Inflatable darling

Pub date August 12, 2009

Dear Andrea:

We were watching Mythbusters and they were using inflatable dolls instead of crash test dummies. That didn’t work very well, but it did make me wonder, does anyone ever use those for actual sex?


Blow Me Down

Dear Blow:

Who knows? Any attempt to answer this scientifically would be hampered by the inevitable sample problem: would even the most dedicated enthusiast actually admit to putting the thing to its supposed intended use? If they told you, wouldn’t they have to kill you?

If I had to guess, I’d say yes. Men have been known to stick it into condoms full of warm oatmeal, into watermelons, and allegedly into a piece of liver intended for the family dinner. How could at least some tiny fraction of male mankind not be expected to stick it into what passes for a genital orifice in a vinyl novelty device? Of course some do. But mostly not, I’d assume, and mostly not often, or even twice.

Once upon a time I had a boyfriend who lived in a foul two-bedroom with a roommate of disreputable habits (it was Roommate who was principally responsible for the apartment’s foulness, or so I chose to believe at the time). Before Roommate’s birthday one year, Boyfriend and another equally disreputable friend went off to a Tenderloin sex shop and bought a … fuckhead. That’s what we called it, and that’s what it was, a softish mannequin head, like a Barbie’s Hair Salon head but horribly porny, with a round, gaping maw and frizzly blond curls that shed distressingly when you attempted to grasp the thing like a, well, a head. It was ghastly and we could not imagine anybody ever using such a creation for its intended purpose — nobody even wanted to touch the thing — so they put it in the oven, which was never used for its intended purpose, and left it there to gaze blankly, gape-mouthed, through the glass-paneled door.

No, that story did not have a point. I just wanted to tell it.

Of course, decades after the invention of the rarely-fucked Inflatable Love Doll (and by the way, they make sheep, too, but I can’t remember now if it’s actually sold as a "Love Ewe" or if my friends and I made that up), the Real Doll debuted to enormous media hullabaloo and respectable sales. Fairly or not, and nicely or not, I ascribed those respectable sales to the concurrent dot-com bubble and the sudden wealth it showered upon a lot of guys with good coding skills and not so much experience talking to girls. The Real Doll, in case you were sleeping, is a fairly realistic (only slightly less realistic than Jenna Jamison, for instance), life-sized, customizable silicone sex partner. According to their site, you can buy some models on super-special this month for less than $6,000: "order a female flat-back torso, get the head kit free." In fact, the company is, as they say, "going out for business":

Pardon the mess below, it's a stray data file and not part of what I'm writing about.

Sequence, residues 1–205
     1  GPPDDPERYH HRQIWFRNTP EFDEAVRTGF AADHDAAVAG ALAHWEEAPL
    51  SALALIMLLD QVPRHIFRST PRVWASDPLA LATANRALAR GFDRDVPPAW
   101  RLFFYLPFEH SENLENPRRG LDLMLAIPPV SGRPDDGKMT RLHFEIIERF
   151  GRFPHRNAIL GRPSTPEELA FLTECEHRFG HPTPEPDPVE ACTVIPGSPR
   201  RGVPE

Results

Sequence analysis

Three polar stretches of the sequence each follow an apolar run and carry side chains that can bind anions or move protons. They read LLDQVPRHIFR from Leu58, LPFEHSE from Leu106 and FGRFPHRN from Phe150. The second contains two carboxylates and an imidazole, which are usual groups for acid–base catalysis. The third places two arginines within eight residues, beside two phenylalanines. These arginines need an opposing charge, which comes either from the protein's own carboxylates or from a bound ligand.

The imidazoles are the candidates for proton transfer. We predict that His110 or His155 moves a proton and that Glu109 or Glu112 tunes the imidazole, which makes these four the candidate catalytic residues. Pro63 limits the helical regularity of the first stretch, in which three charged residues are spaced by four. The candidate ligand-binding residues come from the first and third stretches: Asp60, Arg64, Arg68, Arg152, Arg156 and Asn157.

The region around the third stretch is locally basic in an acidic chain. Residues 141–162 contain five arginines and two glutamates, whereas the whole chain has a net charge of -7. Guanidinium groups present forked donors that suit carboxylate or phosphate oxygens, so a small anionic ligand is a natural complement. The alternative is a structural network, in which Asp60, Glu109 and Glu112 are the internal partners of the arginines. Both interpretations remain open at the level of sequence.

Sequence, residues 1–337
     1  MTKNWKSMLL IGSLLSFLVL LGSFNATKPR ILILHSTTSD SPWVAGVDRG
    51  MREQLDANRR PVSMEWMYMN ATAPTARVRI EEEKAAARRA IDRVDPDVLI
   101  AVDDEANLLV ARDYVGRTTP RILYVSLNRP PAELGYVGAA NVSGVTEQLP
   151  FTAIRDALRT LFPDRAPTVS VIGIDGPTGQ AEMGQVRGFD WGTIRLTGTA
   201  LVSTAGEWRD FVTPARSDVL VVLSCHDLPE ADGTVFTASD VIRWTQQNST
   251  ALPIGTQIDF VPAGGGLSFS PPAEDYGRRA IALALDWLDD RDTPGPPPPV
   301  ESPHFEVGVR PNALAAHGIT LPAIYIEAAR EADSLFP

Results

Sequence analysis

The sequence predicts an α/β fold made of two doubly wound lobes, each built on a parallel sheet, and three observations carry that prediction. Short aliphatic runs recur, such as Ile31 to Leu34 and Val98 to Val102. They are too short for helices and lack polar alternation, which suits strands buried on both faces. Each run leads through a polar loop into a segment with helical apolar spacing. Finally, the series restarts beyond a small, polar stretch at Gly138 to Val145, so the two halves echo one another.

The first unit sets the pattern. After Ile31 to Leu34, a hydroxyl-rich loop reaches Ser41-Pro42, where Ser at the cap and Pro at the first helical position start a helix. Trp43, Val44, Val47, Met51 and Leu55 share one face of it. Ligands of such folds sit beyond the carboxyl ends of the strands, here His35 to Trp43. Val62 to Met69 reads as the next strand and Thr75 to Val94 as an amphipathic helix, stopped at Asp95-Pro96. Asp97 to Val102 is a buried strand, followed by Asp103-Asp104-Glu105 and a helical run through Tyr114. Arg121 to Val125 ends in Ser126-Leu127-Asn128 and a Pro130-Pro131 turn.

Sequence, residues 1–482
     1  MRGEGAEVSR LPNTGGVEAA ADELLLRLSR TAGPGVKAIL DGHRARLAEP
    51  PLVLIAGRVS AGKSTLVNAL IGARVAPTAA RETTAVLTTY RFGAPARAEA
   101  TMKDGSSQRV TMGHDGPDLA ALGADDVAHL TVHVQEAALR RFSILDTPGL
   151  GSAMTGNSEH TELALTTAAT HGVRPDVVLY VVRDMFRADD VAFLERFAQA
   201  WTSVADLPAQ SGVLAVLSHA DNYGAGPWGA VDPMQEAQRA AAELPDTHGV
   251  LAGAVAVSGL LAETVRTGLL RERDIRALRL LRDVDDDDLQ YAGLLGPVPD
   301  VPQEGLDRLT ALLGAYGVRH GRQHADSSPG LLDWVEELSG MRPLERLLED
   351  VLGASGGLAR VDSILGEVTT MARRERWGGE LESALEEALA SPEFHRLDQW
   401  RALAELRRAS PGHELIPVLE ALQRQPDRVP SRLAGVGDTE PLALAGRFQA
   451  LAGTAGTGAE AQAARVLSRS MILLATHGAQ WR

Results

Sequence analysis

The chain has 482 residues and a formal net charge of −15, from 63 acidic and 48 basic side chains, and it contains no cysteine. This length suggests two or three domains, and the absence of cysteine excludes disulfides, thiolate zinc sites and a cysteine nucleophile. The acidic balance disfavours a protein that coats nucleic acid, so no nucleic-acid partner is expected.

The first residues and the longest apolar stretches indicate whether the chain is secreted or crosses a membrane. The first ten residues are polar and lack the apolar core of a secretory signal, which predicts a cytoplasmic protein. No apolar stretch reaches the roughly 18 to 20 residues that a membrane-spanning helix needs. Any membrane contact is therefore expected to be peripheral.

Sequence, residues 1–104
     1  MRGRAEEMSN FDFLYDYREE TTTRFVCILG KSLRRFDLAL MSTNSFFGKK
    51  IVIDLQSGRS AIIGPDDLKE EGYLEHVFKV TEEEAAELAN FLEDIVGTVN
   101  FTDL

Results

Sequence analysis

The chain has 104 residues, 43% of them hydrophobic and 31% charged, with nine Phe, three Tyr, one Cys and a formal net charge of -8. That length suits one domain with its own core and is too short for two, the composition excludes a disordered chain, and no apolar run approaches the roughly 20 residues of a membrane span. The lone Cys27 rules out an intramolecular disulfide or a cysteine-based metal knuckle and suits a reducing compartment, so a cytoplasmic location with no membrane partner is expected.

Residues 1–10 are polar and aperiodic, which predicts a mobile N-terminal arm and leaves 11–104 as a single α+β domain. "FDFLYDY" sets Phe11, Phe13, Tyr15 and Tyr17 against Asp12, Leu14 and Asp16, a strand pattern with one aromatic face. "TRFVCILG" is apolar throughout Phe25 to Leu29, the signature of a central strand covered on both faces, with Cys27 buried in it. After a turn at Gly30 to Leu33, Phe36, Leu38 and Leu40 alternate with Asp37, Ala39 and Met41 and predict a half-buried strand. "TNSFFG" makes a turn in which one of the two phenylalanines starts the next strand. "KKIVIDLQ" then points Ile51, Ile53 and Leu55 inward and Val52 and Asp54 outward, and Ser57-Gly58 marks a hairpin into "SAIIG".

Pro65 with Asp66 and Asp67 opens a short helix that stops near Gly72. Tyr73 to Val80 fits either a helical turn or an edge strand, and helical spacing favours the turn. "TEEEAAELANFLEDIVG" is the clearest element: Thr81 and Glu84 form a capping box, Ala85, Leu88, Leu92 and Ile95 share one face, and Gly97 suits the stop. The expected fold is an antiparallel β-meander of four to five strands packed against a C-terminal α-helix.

In These Difficult Economic Times, Abyss Creations Is Doing Our Part To Help.


And for the month of July there is a $500 Discount Off all new Doll orders.

We also want you to know that all of our products are made in the U.S.A. As well as all materials and parts. We are doing our part to keep our country working.

They are doing their part. Are you doing yours?

The Real Doll appears to have had its moment in the sun (a good idea, actually, since silicone warms to body temperature very readily). If The New York Times, of all things, is to be believed, the coming thing in fake sex partners is not a semirealistic girl-shaped thing, or the expected, immanent online, plug-in cybermate. It’s a … pillow.

The Times article [] is about Japanese "2-D lovers," a subset of obsessive anime fandom who carry on what at least feels to them like real relationships with representations of anime characters, often, ickily, prepubescent girls. The article never says what, exactly, people like the profiled "Nisan" ("big brother") do with a stuffed pillowcase printed with the image of a 10-year-old in a bikini, besides carrying it around and ordering it a bowl of soup and calling it their girlfriend.

Japan is, of course, kind of a special case. According to the Times article, "more than a quarter of men and women between the ages of 30 and 34 are virgins; 50 percent of men and women in Japan do not have friends of the opposite sex." I’m hanging onto the hope that the fact that the same cannot be said of North Americans will provide us at least partial immunity to the spread of a similar craze here. But I think we can trust a certain subset of geek-hipsters to at least claim to have adopted it.



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